Ageing in the 21st century – work and older people

Work and older people

by Margaret Smith

Retirement – pros and cons

For many people retirement is a time of joy. They can look forward to having more time on their hands and retirement can be a chance to do things that they did not have time to do when they were working – for example, travel a bit or enrol on an adult education course.

For others though retirement can be a very difficult time as they make the transition from the world of work to a life of leisure. Often people miss the social life of mixing with work colleagues and friends, and then there is boredom as people find that there are not enough things to do to fill the day. The loss of a work role leads to people feeling they are no longer useful, especially if a lot of their identity has been tied up with work. As well, if people have not made adequate financial planning for their retirement, they all too often find themselves unable to manage as the State Pension is not enough. I think that sometimes it is worth carrying on working instead of retiring; whether that is staying on in your present job, retraining to take up a new job or coming out of retirement altogether to join the world of work again.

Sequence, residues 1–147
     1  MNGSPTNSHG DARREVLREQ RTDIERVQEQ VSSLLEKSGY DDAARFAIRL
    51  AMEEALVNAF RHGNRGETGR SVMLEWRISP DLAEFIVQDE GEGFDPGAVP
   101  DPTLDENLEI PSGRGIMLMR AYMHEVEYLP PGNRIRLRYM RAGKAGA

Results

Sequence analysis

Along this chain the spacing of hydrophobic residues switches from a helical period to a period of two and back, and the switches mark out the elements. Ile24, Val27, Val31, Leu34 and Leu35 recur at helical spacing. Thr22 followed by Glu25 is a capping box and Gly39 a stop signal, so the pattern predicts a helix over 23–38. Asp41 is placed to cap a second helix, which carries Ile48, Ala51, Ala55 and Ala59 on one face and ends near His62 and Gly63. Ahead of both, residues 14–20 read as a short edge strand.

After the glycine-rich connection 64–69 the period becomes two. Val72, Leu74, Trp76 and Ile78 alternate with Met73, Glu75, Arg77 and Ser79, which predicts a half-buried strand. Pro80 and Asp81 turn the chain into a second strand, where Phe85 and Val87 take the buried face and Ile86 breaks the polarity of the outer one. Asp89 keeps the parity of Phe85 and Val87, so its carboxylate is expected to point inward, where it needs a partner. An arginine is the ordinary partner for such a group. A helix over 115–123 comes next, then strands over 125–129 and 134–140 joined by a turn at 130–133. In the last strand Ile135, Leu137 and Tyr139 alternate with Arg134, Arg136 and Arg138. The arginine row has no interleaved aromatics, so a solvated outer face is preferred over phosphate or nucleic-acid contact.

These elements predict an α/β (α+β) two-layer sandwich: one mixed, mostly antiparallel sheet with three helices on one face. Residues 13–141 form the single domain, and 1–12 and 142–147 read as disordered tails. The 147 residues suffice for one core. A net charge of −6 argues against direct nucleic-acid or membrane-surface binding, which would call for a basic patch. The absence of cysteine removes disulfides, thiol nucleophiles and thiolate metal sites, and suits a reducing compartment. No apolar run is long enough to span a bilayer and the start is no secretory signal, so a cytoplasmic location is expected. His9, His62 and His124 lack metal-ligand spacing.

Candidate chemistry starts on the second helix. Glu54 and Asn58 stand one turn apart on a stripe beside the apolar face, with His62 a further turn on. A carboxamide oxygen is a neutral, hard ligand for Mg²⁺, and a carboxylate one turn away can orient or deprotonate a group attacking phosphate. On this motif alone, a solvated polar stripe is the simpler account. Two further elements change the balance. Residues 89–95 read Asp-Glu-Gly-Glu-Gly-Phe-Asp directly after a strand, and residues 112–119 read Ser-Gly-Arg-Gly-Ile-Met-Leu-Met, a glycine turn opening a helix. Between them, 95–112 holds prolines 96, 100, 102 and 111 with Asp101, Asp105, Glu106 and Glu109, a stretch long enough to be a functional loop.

Age-friendly work policies

The way that we think about working and retirement is changing. More and more companies now have an age friendly policy – Barclays recently introduced an apprenticeship scheme for the over 50s. Also, many companies offer flexible working as older workers have caring responsibilities, looking after a spouse or partner, elderly relatives or grandchildren. The Government is planning further increases to the State Pension age. The Equality Act 2010 makes it illegal to discriminate against employees because of their age. People are now living longer and the Government’s Department of Work and Pensions has a target of getting 1 million older workers aged 50 – 69 into work by 2022.

You can also work now for as long as you want to. The Government abolished the Default Retirement Age in 2011. Before that employees were forced to retire at age 65, now employers can no longer ask their employees to leave when they have reached a certain age. The Government has created a climate whereby it is easier for older workers to remain in employment. So, if you feel healthy enough, maybe it is worth considering working for a few more years when you get older.

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